ATLANTA -- Adeiny Hechavarria has dazzled the Marlins and their fans with his glove all season -- so much so that his teammates and coaches consider him the best defensive shortstop in the National League.
In Saturday's 1-0 win over the Braves at Turner Field, Hechavarria delivered with his bat. The 24-year-old rookie from Cuba tripled to open the ninth inning, and he scored on a wild pitch for the lone run in the game.
Like so many young players on the Marlins, Hechavarria has endured his ups and downs in his first full big league season.
Defensively, he's lived up to his billing.
When the Marlins acquired Hechavarria from Toronto last November, the club believed he was a better defender than the player he replaced -- Jose Reyes.
Reyes, however, is a four-time All-Star, and a more established and dynamic offensive player.
As his career progresses, the Marlins are hopeful Hechavarria can establish himself as a .270 or so-caliber hitter.
The way he handles shortstop, the organization believes that is plenty of offense to counteract his glove.
"I try to defend, and the days I don't defend well, I try to hit," Hechavarria said in Spanish. "And the days I don't hit, I will defend."
The series in Atlanta features two of the NL's promising young shortstops. The Braves boast Andrelton Simmons, a player Hechavarria profiles to closely resemble.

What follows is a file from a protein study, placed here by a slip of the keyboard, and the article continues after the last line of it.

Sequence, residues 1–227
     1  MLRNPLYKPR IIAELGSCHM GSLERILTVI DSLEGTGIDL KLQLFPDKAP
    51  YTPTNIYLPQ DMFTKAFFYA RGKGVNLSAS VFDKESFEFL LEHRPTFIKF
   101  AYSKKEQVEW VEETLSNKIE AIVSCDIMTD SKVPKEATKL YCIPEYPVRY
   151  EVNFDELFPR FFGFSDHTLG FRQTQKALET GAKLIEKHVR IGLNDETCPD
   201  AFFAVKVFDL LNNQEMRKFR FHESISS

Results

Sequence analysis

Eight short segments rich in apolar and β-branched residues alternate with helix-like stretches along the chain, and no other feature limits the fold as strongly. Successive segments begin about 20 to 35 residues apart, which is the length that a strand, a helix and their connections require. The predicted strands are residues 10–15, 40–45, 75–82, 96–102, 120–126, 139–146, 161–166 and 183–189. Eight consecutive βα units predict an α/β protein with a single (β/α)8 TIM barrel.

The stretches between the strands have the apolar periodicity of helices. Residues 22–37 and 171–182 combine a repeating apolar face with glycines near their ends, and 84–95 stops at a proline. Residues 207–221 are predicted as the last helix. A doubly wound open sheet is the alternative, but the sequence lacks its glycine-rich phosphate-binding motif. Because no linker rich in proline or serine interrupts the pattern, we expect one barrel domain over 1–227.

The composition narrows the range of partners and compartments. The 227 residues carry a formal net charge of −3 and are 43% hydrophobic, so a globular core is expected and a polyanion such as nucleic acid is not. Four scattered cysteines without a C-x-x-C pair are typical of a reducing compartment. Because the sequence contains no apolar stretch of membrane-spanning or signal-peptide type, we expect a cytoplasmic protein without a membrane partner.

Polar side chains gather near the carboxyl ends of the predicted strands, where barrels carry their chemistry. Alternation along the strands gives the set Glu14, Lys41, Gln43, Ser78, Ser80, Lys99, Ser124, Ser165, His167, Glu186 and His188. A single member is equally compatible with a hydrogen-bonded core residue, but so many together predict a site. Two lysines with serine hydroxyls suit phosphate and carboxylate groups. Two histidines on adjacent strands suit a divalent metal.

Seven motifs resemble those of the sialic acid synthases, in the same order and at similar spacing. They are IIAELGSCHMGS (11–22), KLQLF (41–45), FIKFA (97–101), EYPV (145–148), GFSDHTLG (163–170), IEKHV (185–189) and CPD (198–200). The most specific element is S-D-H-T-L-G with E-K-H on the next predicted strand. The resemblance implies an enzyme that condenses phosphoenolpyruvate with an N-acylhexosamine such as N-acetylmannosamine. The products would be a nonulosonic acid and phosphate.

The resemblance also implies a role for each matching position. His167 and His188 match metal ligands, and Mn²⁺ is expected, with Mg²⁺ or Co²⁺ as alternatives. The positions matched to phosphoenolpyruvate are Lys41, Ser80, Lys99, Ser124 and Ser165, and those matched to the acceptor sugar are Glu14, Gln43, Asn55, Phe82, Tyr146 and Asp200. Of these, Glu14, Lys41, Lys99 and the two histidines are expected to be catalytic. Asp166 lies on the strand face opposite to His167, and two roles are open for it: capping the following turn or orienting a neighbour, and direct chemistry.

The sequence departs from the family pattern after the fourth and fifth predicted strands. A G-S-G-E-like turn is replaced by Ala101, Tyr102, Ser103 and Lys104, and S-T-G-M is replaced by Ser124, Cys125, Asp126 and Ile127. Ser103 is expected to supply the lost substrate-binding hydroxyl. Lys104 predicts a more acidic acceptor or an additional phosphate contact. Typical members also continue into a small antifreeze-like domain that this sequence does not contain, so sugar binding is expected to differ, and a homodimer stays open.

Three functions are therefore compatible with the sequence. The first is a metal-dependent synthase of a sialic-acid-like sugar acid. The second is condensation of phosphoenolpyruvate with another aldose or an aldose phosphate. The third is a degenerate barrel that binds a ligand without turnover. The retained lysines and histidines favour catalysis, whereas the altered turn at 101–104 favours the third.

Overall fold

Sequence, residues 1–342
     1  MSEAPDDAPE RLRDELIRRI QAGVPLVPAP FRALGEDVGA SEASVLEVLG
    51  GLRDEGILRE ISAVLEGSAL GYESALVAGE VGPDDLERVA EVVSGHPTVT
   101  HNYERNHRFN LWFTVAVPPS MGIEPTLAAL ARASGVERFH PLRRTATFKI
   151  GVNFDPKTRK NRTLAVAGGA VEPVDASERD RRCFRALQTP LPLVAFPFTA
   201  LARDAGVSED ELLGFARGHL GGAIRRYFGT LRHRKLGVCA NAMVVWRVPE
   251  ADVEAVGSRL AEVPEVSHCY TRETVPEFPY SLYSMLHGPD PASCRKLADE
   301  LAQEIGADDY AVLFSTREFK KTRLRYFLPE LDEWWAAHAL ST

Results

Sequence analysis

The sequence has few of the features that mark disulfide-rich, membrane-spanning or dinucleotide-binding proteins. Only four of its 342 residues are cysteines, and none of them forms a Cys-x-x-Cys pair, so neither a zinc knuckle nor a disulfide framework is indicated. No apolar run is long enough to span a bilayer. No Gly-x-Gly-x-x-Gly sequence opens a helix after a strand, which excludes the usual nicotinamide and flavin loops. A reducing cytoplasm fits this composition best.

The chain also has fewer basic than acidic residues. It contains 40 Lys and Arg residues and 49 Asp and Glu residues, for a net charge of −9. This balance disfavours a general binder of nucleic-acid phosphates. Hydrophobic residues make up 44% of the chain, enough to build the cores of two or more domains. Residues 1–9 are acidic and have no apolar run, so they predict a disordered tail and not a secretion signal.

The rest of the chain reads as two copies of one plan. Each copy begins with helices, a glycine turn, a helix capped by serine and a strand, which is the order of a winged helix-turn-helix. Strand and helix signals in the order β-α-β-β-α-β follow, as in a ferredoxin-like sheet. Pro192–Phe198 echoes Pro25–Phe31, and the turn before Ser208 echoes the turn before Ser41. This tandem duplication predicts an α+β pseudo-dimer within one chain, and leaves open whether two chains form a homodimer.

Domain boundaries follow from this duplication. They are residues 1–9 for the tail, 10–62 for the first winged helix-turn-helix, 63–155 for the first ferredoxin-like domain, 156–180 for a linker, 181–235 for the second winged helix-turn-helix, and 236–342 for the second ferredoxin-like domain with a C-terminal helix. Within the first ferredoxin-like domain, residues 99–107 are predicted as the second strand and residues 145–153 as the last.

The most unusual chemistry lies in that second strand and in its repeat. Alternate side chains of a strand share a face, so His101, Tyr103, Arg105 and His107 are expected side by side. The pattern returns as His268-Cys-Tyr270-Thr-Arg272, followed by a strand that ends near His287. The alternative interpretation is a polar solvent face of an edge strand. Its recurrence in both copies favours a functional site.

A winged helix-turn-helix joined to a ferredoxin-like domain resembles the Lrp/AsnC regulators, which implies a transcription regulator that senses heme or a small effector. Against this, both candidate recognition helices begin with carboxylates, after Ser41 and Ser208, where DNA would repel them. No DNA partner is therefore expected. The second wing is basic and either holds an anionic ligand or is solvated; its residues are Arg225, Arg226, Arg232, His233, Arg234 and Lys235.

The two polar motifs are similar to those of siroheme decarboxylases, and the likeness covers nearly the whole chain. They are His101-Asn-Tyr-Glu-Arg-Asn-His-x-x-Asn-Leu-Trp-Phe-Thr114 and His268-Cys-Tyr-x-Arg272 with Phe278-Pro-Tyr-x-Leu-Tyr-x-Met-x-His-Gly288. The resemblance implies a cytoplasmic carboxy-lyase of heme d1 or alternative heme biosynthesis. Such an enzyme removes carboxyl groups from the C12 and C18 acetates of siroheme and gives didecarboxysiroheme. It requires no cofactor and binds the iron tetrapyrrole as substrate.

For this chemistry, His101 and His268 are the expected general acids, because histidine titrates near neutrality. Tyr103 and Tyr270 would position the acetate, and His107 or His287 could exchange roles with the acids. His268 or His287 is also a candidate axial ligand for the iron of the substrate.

Simmons has a fielding percentage of .985, fourth best in the NL, compared to Hechavarria's .978, which is sixth. Simmons has eight errors in 978 2/3 innings, to Hechavarria's nine in 893 2/3.
Hechavarria doesn't get caught up in who the opposing shortstop is. The only time he did that was while he was with the Blue Jays a year ago -- when he took the field opposite Derek Jeter.
"I was a big fan of Derek Jeter when I came over [from Cuba]," Hechavarria said. "When I saw him play, I was like, 'I've got to play like that.'"
Pierre close to passing DiMaggio on all-time hits list
ATLANTA -- When Juan Pierre first stepped onto a big league field, never did he imagine he would be in position to eventually surpass the great Joe DiMaggio in a key statistical category.
But the Marlins' veteran outfielder indeed is primed to pass not just Joltin' Joe, but another Hall of Famer as well -- Willie McCovey -- on the all-time hits list.
Pierre's pinch-hit double on Friday night against the Braves at Turner Field was career hit No. 2,209 for the veteran, who ranks 178th overall.
With one more hit, Pierre will match Willie Randolph (2,210) for 177th. McCovey sits in 176th place (2,211), followed by Joe Kuhel (2,212). Sitting in the No. 174 spot is DiMaggio, with 2,214 hits.
So Pierre is five shy of matching the Yankee Clipper.
"You think of Joe DiMaggio, Willie McCovey," Pierre said, "I feel my name should be nowhere close to them. I guess it is pretty cool, but I wasn't aware of it until like a week ago. It's pretty cool."
Pierre broke into the league in 2000 with the Rockies, and he's now in his second stint with the Marlins. He set the single-season hits mark with 221 in 2004.